The 8th March will mark International Women’s Day. This year’s campaign theme is #EmbraceEquity. We can all challenge gender stereotypes, call out discrimination, draw attention to bias, and seek out inclusion. Collective activism is what drives change – from grassroots action to wide-scale momentum.  

We call on our research, business and innovation communities to collectively celebrate, to amplify and importantly to all embrace equity.  

The Serious Leisure Podcast

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How do we create space and identities for ourselves outside work, and with so many pressures should we even try?  In this blog post, we highlight the Serious Leisure Podcast, founded by a UWE Bristol academic, which showcases the importance of a work-life balance.

The COVID-19 pandemic and subsequent months have caused many of us to revaluate our lives and search for more joy in the form of hobbies. The importance of a work – life balance has become more prevalent as the lines between work and home have blurred more than ever before.

After suffering from a sudden illness, Associate Director of Academic Practice Petia Petrova decided she needed to work harder on achieving a better work – life balance and set about finding herself a new hobby. This led her to taking an improv class. Just as she was getting into her new leisure pursuit COVID hit and we were all confined to our homes. This caused Petia to reflect about how many people were people experiencing traumatic health events, suffering from Covid, or losing loved ones and how finding joy was now more important than ever. Petia reached out to a few colleagues to see what could be done to highlight the importance of leisure to our mental and physical health and the Serious Leisure Podcast was born.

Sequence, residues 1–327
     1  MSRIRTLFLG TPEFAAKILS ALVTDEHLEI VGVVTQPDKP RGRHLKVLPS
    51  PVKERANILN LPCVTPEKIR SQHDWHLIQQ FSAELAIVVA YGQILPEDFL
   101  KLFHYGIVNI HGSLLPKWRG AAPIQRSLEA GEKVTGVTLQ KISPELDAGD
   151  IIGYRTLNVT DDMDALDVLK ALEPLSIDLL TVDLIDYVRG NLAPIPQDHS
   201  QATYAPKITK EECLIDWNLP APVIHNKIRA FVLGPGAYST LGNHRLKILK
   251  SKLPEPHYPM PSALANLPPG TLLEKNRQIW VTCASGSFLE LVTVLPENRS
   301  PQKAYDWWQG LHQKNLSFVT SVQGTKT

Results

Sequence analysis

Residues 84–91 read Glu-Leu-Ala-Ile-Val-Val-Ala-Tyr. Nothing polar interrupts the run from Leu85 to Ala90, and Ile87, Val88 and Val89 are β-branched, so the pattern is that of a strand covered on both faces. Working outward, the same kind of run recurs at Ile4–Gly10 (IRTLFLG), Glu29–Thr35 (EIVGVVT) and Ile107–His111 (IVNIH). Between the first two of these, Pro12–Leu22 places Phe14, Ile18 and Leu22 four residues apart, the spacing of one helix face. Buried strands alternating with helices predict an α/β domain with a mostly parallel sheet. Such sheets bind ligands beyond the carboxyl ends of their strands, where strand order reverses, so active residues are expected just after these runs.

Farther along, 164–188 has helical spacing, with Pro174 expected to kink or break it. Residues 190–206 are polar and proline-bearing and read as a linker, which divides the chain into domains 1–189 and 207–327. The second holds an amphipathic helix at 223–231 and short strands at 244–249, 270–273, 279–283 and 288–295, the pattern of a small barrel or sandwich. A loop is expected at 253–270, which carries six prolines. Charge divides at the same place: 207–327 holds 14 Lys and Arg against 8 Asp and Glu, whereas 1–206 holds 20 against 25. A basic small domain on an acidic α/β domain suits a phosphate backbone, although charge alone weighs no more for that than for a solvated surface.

I was just very lucky. Professor Steve West connected me with Kat, and a former colleague suggested I reach out to Sam. I have not met Kat before, and I have not seen Sam for over a decade (we started our academic careers together in the early 00s). The moment the 3 of us met, and started talking, we just clicked. This has been such a project of love for the three of us since.

Petia Petrova

Petia co-hosts the podcast with Kat Branch from UWE Bristol’s Centre for Music and Sam Elkington from Teesside University.

“If you‘ve ever thought you need to find a hobby but not sure how to make time, or if you‘ve not had a chance to unpack why your leisure is so important, this is for you.”

The Series Leisure Team.

The podcast has become a space for sharing stories about balancing working lives with a serious commitment to leisure. The guests on the podcast talk about their passions and hobbies and how their lives have been transformed as a result.